The Case for ‘Regrexit’: Why Britain Won’t Really Leave the EU

Brexit 3

Despite the Brexit vote, Britain will remain a de facto member of the European Union, writes Peter Vanham, Global Leadership Fellow at the World Economic Forum who is based in Belgium, in this opinion piece. (The views expressed in this opinion piece are his own and not those of the World Economic Forum.)

It’s irreversible. The people have spoken, David Cameron threw the towel, and it’s still unclear who will take over the Britannia ship. “Out is out,” as EU Commission President Jean-Claude Juncker had warned.

Yet Britain cannot and will not leave the EU. Why? Because any scenario in which it does is worse for all parties involved than any scenario in which it doesn’t. In such case, John Nash’s prisoner’s dilemma tells us what the equilibrium outcome will be, and Belgium’s surrealism tells us what its name will be: Britain will remain a de facto member of the Union — we just won’t call it a Regrexit.

Consider for a moment the scenario in which Britain does leave the EU (which it has to in order to respect the outcome of the non-binding referendum on its membership). In this case, all of the below events are likely or certain to happen in the UK: a secession by Scotland, a sour and lingering generational dispute, a mass exodus of talent and companies, an economic recession, a deficit in government budget and pension fund payouts, and a real estate crisis. As a matter of fact, many of those consequences are already in the works.

“Countries on both sides of the North Sea have a lot to lose from a real Brexit.”

If these kinds of consequences were solely contained to Britain, the reaction of EU leaders would be easy to guess: bye, bye, Britain. Angela Merkel, Wolfgang Schauble, and others in the same mindset as Jean-Claude Juncker have had enough of British leaders’ lukewarm attitude towards the EU.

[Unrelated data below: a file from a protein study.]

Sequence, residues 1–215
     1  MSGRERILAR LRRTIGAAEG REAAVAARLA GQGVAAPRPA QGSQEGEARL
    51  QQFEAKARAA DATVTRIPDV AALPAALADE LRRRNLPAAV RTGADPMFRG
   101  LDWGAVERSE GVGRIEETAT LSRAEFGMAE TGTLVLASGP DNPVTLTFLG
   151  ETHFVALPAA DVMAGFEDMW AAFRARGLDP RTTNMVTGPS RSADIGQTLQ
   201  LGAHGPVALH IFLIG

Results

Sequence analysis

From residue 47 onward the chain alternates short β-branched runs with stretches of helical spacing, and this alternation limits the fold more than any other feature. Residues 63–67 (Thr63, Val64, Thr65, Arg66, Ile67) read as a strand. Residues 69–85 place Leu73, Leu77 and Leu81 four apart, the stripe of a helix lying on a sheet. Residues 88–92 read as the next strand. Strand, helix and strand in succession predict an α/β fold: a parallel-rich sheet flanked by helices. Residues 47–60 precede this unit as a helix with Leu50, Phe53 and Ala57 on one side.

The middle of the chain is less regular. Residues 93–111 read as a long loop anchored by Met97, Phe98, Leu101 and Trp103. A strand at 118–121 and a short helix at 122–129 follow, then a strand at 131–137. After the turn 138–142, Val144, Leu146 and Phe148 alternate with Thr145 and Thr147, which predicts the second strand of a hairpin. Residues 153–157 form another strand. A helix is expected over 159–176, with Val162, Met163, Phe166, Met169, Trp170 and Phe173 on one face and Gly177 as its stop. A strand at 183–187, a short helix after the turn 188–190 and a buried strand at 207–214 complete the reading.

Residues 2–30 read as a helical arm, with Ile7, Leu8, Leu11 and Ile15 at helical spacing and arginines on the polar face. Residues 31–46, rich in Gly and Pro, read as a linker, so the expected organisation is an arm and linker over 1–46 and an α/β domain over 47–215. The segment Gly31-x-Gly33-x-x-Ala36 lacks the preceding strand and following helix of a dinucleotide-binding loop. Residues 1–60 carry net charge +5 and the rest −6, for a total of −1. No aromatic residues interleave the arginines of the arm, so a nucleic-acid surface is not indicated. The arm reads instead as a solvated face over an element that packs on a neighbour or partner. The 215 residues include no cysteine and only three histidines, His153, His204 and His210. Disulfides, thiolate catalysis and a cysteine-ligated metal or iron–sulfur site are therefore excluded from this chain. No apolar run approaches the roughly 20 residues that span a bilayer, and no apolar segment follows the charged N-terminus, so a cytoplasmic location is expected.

An Intricate Web

But as always, there is a catch. As has become clear over the last few days, the negative consequences of a British exit are never contained to the UK. In Europe’s web of trade and finance, everything is connected. All of Europe’s stock exchange indices, including the German DAX and the French CAC, went deep into red territory in recent days. Italy’s banks might need a 40 billion euro bailout because of their exposure to the UK. Belgium, The Netherlands and Luxembourg will see their exports to the UK fall steeply.

Those consequences are just the financial ones. Then there are the political ones. Eastern European leaders have already been asking for the resignation of EU Commission President Jean-Claude Juncker. Extreme right politicians and their supporters are asking for a referendum in The Netherlands and France. And if Scotland were to gain its independence, Catalonia would no doubt be next to ask for the same, which would add insult to injury for Spain’s struggling leadership.

The result is that countries on both sides of the North Sea have a lot to lose from a real Brexit.

Consider, then, the alternative outcome. What would be lost if Britain remained in the EU despite its referendum? In the UK, to begin with, a lot of people who voted out would be upset. Fifty-two percent of voters had backed a Brexit, and they would be disappointed if it didn’t happen. Some of them might turn away from the traditional Labour and Tory parties, and give a protest vote to the UK Independence Party.

But no heads would roll – indeed, they already did. Young people wouldn’t get on the streets to revolt – indeed, they would rather do so if there was a Brexit. Financial markets wouldn’t panic; to the contrary, they would calm down.

“The compromise will be that Britain will be a different member of the Union than before, to respect its referendum.”

Back in Europe, there might be some grumbling from Europe’s heads of state and government — but the call for resignations, referenda on independence and a departure from the EU in many countries would go mute. The bailout of Italy’s banks wouldn’t be needed. The exports from the Benelux and Ireland would return to normal levels.

Of course, politicians on both sides would need to be able to explain to voters they didn’t betray them. In Britain, the next head of government would need to call the revived British membership something else than before. In Europe, the same would be expected — “out is out,” right?

But in the end, the Belgian nature of the European Union would prevail. If you live in a place for a long time, you take over its habits. The Belgian nature is one of compromise and surrealism. The compromise will be that Britain will be a different member of the Union than before, to respect its referendum. The surrealism aspect will be that while it will remain a de facto member, nobody will call it that.

Or, as Belgium’s most famous and most Belgian painter — René Magritte — would say: “Ceci n’est pas un Regrexit.”

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